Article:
Contention CFP - Crime as Protest, Protest as Crime

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CONTENTION

THE MULTIDISCIPLINARY JOURNAL OF SOCIAL PROTEST

 

Call for Papers

Crime as Protest, Protest as Crime: Interdisciplinary Perspectives

 

Editors:

Dr Giovanni Travaglino (Department of Law & Criminology, Royal Holloway, University of London)

Dr Cristina d'Aniello (Department of Social Sciences, University of the West of England, Bristol)

 

The concepts of crime and politics continuously redefine each other’s boundaries.

 

Crime has been used as an expression of dissent against power. The actions of bandits, pirates, smugglers and – more recently – urban gangs, mafias and hackers have been construed, not without controversy, as acts of resistance against predatory appropriation, institutional injustice and marginalization. Recent episodes of property looting have reignited debates about legitimate dissent, infiltrations in social movements and the meaning of vandalism in mass protest.

 

Conversely, we increasingly observe a pervasive and diffuse criminalisation of social protest activities. A vague new ‘national security law’ in Hong Kong has made it near-to-impossible to convey criticism against the government. New planned protest bills in the UK might affect and reduce individuals’ rights to voice discontent. While the COVID-19 pandemic has stirred dissatisfaction and accentuated inequalities globally, some governments have seized on the public health emergency to ban, selectively and partially, public gatherings and demonstrations.

 

Crime and protest are often used as contrasting labels to define the same event. What is at play is the (de)legitimization of specific voices or discourses.

 

In this special issue, we aim to provide a broad range of different disciplinary perspectives analysing the use of criminal behaviour as an act of rebellion, the criminalization of social protest, or the more specific (and often ambiguous) nexus between crime and protest. Examples of suitable topics include empirical analyses of recent or past protest events, legal analyses of the implications of protest laws, analyses of terrorism, ambiguous criminal groups or social behaviours.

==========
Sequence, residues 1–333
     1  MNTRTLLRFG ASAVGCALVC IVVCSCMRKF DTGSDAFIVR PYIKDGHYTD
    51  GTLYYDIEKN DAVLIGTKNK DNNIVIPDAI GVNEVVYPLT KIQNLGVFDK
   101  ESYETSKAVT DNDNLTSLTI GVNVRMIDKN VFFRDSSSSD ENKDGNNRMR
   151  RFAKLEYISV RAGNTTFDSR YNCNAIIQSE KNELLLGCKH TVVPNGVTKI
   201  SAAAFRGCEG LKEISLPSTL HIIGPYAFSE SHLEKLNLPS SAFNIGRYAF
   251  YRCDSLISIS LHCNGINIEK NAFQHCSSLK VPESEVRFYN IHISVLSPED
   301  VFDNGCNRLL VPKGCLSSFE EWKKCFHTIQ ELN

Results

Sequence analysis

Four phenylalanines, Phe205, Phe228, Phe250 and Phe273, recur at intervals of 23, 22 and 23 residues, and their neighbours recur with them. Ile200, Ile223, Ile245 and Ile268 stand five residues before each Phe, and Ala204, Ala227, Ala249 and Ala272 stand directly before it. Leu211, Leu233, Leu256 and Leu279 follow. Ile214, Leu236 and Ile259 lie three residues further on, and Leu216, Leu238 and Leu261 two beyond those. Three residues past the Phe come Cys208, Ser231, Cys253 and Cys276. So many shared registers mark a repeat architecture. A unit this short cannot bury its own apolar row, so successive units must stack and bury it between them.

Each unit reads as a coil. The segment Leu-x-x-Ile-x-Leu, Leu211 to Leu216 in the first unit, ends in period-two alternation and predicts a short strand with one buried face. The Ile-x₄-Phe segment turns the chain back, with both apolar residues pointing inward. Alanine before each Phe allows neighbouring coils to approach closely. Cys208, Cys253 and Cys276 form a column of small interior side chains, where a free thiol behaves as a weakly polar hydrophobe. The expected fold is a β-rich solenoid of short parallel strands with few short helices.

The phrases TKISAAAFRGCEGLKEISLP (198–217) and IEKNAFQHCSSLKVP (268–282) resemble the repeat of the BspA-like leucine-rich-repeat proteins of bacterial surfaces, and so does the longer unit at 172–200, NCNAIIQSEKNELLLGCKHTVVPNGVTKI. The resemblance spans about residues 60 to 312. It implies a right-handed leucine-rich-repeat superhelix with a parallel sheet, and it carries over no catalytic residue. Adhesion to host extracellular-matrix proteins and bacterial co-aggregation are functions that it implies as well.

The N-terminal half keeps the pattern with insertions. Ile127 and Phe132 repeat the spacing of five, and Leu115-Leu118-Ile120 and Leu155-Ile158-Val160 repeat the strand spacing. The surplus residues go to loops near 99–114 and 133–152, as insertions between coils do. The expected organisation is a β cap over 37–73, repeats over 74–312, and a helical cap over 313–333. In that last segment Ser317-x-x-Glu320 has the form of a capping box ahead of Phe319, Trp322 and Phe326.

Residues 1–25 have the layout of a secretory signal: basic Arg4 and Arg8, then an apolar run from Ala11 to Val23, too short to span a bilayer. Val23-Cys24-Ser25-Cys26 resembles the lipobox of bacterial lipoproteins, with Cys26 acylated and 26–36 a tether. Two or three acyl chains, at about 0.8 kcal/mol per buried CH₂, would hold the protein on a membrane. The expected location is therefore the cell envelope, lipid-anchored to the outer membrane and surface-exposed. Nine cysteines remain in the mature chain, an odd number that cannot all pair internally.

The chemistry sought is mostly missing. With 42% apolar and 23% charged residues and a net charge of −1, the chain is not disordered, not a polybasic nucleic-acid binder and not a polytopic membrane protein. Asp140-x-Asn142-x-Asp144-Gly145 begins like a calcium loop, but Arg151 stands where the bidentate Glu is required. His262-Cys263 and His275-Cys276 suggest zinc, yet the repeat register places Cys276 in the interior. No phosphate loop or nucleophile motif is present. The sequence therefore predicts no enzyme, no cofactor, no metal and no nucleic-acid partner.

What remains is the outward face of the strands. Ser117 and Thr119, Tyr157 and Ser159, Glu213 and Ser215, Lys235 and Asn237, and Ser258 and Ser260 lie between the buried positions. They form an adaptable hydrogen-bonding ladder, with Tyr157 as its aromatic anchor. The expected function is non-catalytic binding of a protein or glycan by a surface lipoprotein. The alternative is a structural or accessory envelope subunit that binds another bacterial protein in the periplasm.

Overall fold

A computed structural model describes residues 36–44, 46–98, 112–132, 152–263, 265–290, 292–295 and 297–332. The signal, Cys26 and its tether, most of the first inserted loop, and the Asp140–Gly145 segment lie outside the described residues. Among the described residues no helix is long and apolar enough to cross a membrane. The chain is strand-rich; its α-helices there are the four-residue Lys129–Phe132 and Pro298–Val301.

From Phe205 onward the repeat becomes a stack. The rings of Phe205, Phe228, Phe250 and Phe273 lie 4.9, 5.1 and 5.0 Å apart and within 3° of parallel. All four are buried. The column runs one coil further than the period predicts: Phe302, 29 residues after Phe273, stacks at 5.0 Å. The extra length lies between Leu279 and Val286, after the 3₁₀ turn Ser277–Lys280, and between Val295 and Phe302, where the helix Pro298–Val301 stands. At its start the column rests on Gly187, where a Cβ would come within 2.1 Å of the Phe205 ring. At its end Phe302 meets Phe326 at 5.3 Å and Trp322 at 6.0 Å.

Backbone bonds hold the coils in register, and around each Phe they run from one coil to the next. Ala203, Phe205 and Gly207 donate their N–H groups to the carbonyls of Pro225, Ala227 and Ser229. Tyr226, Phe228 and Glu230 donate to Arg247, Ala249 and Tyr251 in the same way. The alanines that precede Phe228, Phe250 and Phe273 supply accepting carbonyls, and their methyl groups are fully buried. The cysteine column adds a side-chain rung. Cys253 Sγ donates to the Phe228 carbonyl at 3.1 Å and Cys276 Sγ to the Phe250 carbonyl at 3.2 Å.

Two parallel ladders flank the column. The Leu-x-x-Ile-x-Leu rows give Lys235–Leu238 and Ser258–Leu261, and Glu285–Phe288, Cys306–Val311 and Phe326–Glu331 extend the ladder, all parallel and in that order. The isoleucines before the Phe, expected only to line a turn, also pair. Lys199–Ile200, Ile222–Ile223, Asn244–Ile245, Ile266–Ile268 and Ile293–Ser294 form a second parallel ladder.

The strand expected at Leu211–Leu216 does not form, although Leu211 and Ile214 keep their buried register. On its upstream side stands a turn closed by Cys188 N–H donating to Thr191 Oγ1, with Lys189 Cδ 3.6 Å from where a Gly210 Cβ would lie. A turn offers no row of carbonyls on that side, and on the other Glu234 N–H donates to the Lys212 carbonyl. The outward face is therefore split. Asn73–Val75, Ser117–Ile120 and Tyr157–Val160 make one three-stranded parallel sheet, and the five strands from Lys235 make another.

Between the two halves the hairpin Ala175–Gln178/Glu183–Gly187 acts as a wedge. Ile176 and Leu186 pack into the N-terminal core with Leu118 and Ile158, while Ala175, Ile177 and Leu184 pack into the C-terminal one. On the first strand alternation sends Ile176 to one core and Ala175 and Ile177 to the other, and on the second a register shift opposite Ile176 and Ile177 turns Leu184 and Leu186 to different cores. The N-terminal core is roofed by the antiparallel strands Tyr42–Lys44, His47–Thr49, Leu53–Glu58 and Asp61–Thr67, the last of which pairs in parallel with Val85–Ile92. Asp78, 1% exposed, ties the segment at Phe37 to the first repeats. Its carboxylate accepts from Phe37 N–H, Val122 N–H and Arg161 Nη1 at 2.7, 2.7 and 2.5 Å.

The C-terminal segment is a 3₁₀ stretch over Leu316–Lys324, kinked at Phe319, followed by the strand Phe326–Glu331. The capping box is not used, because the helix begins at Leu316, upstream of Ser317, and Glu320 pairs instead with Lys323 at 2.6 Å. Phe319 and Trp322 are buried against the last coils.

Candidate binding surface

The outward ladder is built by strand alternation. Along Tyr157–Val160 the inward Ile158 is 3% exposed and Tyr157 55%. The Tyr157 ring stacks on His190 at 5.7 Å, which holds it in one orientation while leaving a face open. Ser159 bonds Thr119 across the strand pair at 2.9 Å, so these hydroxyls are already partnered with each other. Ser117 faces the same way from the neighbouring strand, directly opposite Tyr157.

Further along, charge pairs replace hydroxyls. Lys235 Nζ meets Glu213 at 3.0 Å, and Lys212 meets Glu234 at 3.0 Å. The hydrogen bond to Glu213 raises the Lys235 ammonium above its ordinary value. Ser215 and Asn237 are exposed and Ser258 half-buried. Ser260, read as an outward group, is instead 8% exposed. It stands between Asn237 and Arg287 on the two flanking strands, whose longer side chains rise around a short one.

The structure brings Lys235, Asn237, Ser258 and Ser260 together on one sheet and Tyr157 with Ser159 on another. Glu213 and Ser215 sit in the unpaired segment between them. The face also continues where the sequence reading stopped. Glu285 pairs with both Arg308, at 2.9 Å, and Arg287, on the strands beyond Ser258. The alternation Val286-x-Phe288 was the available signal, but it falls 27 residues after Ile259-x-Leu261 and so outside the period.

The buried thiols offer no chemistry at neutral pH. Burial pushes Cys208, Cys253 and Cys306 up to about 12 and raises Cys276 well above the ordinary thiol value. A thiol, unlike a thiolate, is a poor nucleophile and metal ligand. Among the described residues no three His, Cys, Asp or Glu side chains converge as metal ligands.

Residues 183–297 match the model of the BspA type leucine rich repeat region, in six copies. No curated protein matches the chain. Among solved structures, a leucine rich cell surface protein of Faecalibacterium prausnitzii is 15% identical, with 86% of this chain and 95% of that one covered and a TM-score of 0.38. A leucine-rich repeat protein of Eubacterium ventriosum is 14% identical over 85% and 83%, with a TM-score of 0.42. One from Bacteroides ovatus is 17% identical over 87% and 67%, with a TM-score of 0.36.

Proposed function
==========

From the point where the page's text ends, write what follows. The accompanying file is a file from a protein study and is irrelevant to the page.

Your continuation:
We welcome high quality original articles with empirical or theoretical contributions from the social sciences, arts, and humanities. We welcome interdisciplinary articles, as well as work conducted within the boundaries of a single discipline.

 

DEADLINE FOR SUBMISSIONS: APRIL 29, 2022

For more information about this special issue, and questions concerning the suitability of specific topics and articles, please contact the editors:

Dr Giovanni Travaglino (giovanni.travaglino@rhul.ac.uk) and Dr Cristina d’Aniello (cristina.daniello@uwe.ac.uk).

 

Contention’s general style guidelines can be found here (https://www.berghahnjournals.com/view/journals/contention/contention-overview.xml?tab_body=Submit). Articles can be submitted online at: ojs.berghahnjournals.com/index.php/contention. Submissions should include a cover letter clearly indicating that they are intended for consideration in the special issue “Crime as Protest, Protest as Crime: Interdisciplinary Perspectives.

 

ABOUT THE JOURNAL

Contention is an academic journal dedicated to research on and about social protest and political behaviour. The journal advances essential knowledge on of collective action, social movements, and other forms of social and political contention. By providing a multidisciplinary forum to scholars within and across the social sciences and humanities, it seeks to promote scholarly exchange and knowledge sharing among them.

 

Please visit our website for more information about the journal, and previous issues: berghahnjournals.com/contention.

For news about the journal, follow @Contention_J on Twitter.